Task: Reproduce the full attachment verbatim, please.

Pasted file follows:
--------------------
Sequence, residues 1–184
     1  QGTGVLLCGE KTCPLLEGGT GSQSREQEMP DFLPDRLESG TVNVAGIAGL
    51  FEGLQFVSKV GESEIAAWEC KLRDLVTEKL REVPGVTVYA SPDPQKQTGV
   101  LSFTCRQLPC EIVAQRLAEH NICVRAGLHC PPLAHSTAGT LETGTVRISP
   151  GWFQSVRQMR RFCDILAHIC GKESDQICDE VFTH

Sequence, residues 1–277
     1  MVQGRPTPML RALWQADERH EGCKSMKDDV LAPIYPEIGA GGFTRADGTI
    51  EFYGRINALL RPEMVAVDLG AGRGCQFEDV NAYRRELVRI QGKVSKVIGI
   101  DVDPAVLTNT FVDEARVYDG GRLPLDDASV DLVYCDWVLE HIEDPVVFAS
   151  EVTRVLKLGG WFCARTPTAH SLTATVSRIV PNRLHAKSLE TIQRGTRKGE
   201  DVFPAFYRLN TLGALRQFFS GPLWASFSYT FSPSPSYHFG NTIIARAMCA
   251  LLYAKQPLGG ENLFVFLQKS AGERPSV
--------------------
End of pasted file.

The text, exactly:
Sequence, residues 1–184
     1  QGTGVLLCGE KTCPLLEGGT GSQSREQEMP DFLPDRLESG TVNVAGIAGL
    51  FEGLQFVSKV GESEIAAWEC KLRDLVTEKL REVPGVTVYA SPDPQKQTGV
   101  LSFTCRQLPC EIVAQRLAEH NICVRAGLHC PPLAHSTAGT LETGTVRISP
   151  GWFQSVRQMR RFCDILAHIC GKESDQICDE VFTH

Sequence, residues 1–277
     1  MVQGRPTPML RALWQADERH EGCKSMKDDV LAPIYPEIGA GGFTRADGTI
    51  EFYGRINALL RPEMVAVDLG AGRGCQFEDV NAYRRELVRI QGKVSKVIGI
   101  DVDPAVLTNT FVDEARVYDG GRLPLDDASV DLVYCDWVLE HIEDPVVFAS
   151  EVTRVLKLGG WFCARTPTAH SLTATVSRIV PNRLHAKSLE TIQRGTRKGE
   201  DVFPAFYRLN TLGALRQFFS GPLWASFSYT FSPSPSYHFG NTIIARAMCA
   251  LLYAKQPLGG ENLFVFLQKS AGERPSV